Rudxane Interview

“Tych #4” by Rudxane

Who are you?

Rudxane, artist based in Amsterdam, The Netherlands.

When did you start making generative art?

I’ve been playing with HTML, CSS and Javascript to create small interactive websites and art since I started with web development at the end of the 90s. Most of these where just for private enjoyment and I never really published anything. When I rediscovered NFTs after the Cryptokitties boom, I started an account on twitter to share some of the work and minted my first pieces on HEN.

How did you hear about FxHash?

I came across Sam Tsao minting Blobby on twitter. I was working on my first generative series at that time (Tych) and was looking for a platform to mint this on, FxHash seemed like a perfect match.

“Bingo” was your first mint on FxHash and is considered a true classic on the site. Why did you decide to make this your Genesis piece?

I was working on the Tych series when FxHash popped up. The first days the idea was that these mints would only be available for a short duration to test the platform so I created a token based on the doodling algorithm I was playing with for Tych.

“Bingo #178” by Rudxane

What were your expectations when minting “bingo”?

There were no expectations when minting the token, the platform only had 5 previous mints with less than a 1000 overall mints. The idea for BINGO was to help test the minting functionality and see if the random function would return true random output.

On your work “Tych” the description states “Tych is an attempt to bring personality to a generative system.” Can you explain this more to us?

I’m fascinated by the combination of artist/machine in generative art, Tych is a research into this collaboration. Tych tries to replicate a human acting like a generative system, introducing human characteristics in a generative system where each line stroke is inconsistent and the high frequency of repetition causes instability and misalignment in the overall work. Generative art can sometimes feel too clean to me, where in real paintings you can feel the emotion of the artist while watching the work through the difference of heavy or soft brush strokes. For me this creates an additional layer to the work, where I can form a more personal connection to it. Tych tries to explore if I could replicate this in a generative piece that’s created outside of my control.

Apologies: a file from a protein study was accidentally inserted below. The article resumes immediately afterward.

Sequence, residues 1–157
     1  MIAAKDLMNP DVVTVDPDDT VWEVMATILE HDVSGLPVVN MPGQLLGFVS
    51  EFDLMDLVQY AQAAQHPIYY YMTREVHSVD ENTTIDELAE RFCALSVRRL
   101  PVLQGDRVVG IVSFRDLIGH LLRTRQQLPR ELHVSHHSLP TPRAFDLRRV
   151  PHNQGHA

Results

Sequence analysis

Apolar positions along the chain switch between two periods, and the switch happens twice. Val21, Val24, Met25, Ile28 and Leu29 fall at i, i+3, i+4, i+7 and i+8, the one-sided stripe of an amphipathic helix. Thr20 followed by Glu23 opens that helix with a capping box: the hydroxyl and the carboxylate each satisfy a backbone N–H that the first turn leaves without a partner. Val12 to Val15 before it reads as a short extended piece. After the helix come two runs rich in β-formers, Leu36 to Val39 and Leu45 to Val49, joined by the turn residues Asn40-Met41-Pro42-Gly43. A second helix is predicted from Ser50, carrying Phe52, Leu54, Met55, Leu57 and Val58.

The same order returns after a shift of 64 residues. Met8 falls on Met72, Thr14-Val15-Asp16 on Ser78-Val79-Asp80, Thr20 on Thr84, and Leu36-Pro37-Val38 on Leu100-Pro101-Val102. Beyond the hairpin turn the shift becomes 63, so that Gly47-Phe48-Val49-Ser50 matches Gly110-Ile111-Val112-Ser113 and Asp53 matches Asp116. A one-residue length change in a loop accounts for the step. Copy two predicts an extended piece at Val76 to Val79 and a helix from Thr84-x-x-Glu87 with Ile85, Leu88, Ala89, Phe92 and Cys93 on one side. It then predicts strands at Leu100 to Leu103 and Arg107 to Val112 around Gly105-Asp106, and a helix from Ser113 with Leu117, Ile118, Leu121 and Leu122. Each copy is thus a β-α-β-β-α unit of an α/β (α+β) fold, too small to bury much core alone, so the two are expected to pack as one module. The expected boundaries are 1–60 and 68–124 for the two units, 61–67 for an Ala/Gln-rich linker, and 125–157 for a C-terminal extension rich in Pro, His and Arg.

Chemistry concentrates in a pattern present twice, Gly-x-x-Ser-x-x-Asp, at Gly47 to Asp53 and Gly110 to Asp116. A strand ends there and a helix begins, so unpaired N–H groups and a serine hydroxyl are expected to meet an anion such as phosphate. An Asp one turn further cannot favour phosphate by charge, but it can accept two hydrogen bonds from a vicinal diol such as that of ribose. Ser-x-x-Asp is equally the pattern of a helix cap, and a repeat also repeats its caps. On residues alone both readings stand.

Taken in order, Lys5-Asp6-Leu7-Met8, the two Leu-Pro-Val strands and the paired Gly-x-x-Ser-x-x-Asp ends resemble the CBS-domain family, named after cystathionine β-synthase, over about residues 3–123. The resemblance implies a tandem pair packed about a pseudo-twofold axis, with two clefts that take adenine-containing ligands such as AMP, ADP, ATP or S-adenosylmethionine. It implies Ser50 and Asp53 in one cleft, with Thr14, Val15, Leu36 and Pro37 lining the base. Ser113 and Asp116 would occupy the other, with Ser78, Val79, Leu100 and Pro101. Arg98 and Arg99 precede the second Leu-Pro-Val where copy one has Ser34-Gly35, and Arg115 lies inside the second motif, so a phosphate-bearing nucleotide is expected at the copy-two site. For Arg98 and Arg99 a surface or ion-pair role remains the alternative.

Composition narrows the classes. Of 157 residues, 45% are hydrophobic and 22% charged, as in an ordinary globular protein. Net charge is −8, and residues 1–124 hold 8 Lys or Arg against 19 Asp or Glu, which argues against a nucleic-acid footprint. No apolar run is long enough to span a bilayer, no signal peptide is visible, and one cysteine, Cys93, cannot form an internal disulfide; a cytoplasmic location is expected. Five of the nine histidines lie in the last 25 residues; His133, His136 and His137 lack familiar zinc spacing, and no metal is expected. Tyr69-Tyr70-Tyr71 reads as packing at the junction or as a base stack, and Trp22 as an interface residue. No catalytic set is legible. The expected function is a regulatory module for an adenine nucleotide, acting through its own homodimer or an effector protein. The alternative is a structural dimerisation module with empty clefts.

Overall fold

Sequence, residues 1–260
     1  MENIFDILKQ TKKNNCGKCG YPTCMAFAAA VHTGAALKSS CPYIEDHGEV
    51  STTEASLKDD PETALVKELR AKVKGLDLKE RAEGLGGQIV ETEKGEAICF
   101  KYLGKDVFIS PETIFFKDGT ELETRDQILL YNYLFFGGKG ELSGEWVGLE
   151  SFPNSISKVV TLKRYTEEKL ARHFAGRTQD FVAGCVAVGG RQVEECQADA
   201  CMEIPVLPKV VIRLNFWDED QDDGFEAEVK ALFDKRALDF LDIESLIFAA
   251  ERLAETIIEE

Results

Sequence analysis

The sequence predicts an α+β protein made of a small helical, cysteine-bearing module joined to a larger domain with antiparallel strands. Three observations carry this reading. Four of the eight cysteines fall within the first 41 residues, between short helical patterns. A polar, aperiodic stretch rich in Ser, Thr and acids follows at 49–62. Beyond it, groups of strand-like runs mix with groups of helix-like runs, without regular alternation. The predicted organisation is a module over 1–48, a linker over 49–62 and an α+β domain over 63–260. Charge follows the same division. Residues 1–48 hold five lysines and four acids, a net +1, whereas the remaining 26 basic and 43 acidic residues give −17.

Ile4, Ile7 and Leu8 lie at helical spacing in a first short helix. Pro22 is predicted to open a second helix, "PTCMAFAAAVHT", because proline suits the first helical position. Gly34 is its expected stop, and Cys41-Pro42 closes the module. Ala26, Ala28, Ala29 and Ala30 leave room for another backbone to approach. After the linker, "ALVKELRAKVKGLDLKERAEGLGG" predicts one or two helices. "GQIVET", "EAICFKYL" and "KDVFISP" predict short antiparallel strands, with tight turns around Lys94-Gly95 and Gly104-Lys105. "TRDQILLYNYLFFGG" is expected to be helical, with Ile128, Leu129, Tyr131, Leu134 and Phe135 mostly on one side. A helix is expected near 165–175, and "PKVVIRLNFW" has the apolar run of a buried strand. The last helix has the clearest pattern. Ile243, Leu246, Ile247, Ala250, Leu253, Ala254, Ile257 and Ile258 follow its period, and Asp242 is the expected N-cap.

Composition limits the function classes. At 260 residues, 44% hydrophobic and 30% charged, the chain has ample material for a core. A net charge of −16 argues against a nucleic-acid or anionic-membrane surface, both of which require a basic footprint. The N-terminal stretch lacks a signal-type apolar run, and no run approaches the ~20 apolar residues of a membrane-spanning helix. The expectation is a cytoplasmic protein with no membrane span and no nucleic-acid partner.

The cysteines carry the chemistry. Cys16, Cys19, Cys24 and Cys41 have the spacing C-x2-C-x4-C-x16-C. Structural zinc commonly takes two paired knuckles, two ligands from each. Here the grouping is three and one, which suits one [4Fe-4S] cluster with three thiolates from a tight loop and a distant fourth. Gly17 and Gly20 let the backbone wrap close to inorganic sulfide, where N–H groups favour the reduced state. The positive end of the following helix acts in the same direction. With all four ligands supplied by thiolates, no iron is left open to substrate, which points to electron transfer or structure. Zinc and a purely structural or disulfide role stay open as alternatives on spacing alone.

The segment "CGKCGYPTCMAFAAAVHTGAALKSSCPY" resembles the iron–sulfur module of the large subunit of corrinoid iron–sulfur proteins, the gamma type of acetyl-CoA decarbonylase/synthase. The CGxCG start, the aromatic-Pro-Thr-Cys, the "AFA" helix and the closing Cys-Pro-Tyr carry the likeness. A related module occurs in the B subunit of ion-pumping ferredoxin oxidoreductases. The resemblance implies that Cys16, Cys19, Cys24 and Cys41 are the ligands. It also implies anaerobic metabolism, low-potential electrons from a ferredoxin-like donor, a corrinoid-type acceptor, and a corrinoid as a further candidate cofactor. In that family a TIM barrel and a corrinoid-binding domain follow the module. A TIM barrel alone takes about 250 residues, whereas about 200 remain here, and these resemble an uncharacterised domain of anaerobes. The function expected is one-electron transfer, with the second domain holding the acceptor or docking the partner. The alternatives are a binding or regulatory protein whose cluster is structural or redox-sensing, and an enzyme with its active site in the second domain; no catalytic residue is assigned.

“Tych #76” by Rudxane

What was the goal of Rings and the rings series on HEN?

Rings is an experiment on variation, together with l∞p, these series explore variation through a relatively simple output where the interplay of randomly assigned colors create the variation within the series. The way colors interact with each other by layering them, creating new colors and effects through their interplay has been a long time fascination for me that first started with my TILES[] series;

“rings(∞) #10” by Rudxane

What’s the story behind “”unfinished””?

“unfinished” tries to question the state of finished and explore creation. Finishing a piece of work always feels very arbitrary, there’s no set end point for a piece of art and it will always be a subjective decision from the artist to say a specific piece is “finished”. For most artists I get initially drawn in by finished pieces of work but end up mostly fascinated by their “unfinished” work; their process and to see how they create their work. “unfinished” is created by building a pattern from thousands of small stitches, where the circles in each piece are created by the omission of stitches. Each piece is finished up to a percentage, where the rest of the piece is obscured by overlapping threads from the unfinished stitches. Some people may like the clean finished state of some and others enjoy the more chaotic nature of the unfinished pieces. For me this shows that the “finished” state of a piece of work is subjective and not the same for everyone.

Do you ever know if a piece of generative art is finished?

Nothing is ever finished, everything is always a work in progress. Finished to me is where I’m happy to let it go and let others interact with the token. It’s finished where it reaches the state where it’s mature enough to make small mistakes to be interesting enough but is consistent enough to tie together into a single concept and visual output.

“unfinished #116” by Rudxane

What are your artistic goals moving forward?

My only goal is to have fun, be happy with the work that I’m creating and to keep pushing my boundaries. NFT’s gives me the option to stay in control without any external pressure or deadlines I have to adhere to, giving me the room to create purely for the sake of creation.

What adds value to your art?

The last few months have really shown me the value of collectors. It’s invaluable to see people interact with the work you created and to see them forming their own interpretation on the work. Since I can only control up until the point of minting, the final result is a combination between the artist and the collectors. Their interpretation of the final series adds an additional layer to the work that’s hard to recreate when the artist is completely in control of the outputs.

“Disrupt #9” by Rudxane

Is there anyone you’d like to shoutout?

Too many people to start naming them here individually! But a special shoutout to ciphrd for creating fx(hash), it’s incredible to see how many artists have been enabled to make money from their work and the amount of people interested in generative art this has drawn into the platform.

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